Prenancy in Youth Ministry @youth_min

pregnant volunteers

This post originally appeared here: http://www.youthmin.org/pregnancy-in-youth-ministry/

Pregnancy in youth ministry:  Nope, I am not talking about your teenagers, I am talking about your ministers.  Starting a family is an intimidating thought to begin with, but trying to balance it with ministry is even more difficult.  Imagine being a woman in ministry: having to deal with morning sickness in Sunday School, the pregnancy leave from the ministry, the breastfeeding at church camp.  Trying to figure out the whole pregnancy thing brings so many questions, but mainly How can I do this?  

Women ministers, are you pregnant or thinking about starting a family?  While I have never been pregnant myself, I have done some research and talked with the fine ladies in our Facebook group.  Please chime in with additional advice in the comment section!

While You’re Pregnant

  • Decide how you’re going to inform your pastor, the church, and the youth group.  It is probably not the best idea to post it on Facebook and let everyone go crazy.  It will be much more professional and personal to do it in person.
  • Start preparing your volunteers to take charge of the ministry while you leave on pregnancy leave.  As the pregnancy progresses, you are going to have days where you are not going to be as reliable as you once were.  Prepare them so that if you have to leave the lesson to relieve your bursting bladder, they will be able to pick it up.
  • Make a plan with your husband.  How is this all going to look when the baby gets here?  Will one of you take a little extra time off?  What is your schedule going to look like once the baby gets here?
  • Realize that you can’t do the same activities you could before.  But just because you cannot zip-line or ski does not mean your students cannot!  There are ways for you to be able to go on trips with them without having to do the activities; and if you just can’t go, no one will blame you.  Do not feel like your level of commitment lessens—your students will understand why you do not want to tube on your pregnant belly (well, you might have to explain it to the middle school boys).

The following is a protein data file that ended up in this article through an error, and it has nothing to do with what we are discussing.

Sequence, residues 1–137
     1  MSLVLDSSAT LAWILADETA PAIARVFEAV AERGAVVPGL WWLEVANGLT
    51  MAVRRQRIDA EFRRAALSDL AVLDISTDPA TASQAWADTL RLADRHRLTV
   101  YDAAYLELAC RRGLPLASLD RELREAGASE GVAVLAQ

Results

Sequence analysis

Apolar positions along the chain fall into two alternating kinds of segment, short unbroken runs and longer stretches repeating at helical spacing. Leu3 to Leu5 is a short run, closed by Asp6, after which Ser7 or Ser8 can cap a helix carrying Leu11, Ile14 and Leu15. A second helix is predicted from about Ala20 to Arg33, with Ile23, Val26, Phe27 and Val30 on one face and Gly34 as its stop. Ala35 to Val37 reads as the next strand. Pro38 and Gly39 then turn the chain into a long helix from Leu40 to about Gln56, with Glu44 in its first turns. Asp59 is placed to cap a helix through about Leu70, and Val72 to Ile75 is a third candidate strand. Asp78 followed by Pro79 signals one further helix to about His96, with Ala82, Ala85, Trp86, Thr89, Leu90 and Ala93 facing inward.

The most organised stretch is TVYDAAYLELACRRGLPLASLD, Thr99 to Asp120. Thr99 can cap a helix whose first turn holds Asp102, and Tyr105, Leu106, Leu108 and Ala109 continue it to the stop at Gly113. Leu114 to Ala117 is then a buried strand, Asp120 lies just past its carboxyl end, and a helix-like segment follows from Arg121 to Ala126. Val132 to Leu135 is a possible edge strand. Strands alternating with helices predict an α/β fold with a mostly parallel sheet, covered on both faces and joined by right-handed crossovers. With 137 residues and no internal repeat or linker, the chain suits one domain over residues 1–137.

The Pregnancy Leave

  • Know your laws about maternity leaves.  Investigate what that looks like and talk to your church about how they will accommodate that.
  • Do as much preparation as you can in as much advance as you can.  Will your church hire a temporary youth minister, or will you have to equip volunteers to run the ministry while you are gone?  Whatever you choose, you will have to decide early on in your pregnancy; you do not want to have to decide these things and prepare volunteers to do your job when your hormones are raging, your back is hurting, and you feel exhausted and burned-out from a baby kicking your insides.
  • Decide your level of commitment beforehand—how involved will you be?  Will you be around and available to volunteers, or will you be strict about your maternity leave?  Will you even come near your church during this time?  You will need to decide these things.  Typically a maternity leave means “no contact,” but will that work for your ministry?  Most importantly—stick to your plan!  There will be people calling you up while you are still in the hospital unless you make it clear exactly your level of involvement during this period.
  • Do not be afraid to ask for help; you are performing life’s greatest miracle and need time to recover as well as spend time with your precious newborn.  You do not need to worry about a ministry on top of breastfeeding.  Relax and trust that everything will be fine while you’re gone.

After You’ve Returned to the Ministry

  • Realize that it will take some time to adjust, even after you return to the church.  Many women struggle with their emotions following having a baby.
  • Do not be discouraged when you find you cannot commit the same way you used to.  Fortunately you work for the church, a building full of God’s saints.  Even though the church may not always be pretty, no one can resist a baby.  No teenager will be mad because you missed the mud tug-o-war because you were taking care of your baby.  In fact, having a baby might unite your students in ways you never expected.  Realize that you have a youth group full of babysitters who will take your baby off your hands (and if not your students, their parents will be willing to help).  Every woman I have talked to has talked about how great their church was to them throughout their pregnancy and after the baby was born.  Trust that it will be fine.

Remember: You can be a minister AND a mom.  You will show your youth how to prioritize and balance God, your marriage, your new family, and your ministry.  Allow the Holy Spirit to lead your motherly senses. :)

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